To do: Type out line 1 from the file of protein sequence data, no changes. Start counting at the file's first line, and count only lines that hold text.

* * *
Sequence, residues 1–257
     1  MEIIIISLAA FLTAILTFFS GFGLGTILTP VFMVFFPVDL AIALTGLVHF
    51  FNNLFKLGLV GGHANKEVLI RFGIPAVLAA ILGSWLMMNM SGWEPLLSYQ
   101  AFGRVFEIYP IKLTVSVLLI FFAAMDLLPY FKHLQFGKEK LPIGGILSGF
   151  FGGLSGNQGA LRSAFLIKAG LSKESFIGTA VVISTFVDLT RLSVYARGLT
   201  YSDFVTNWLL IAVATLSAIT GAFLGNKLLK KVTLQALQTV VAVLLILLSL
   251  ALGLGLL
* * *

Sequence, residues 1–257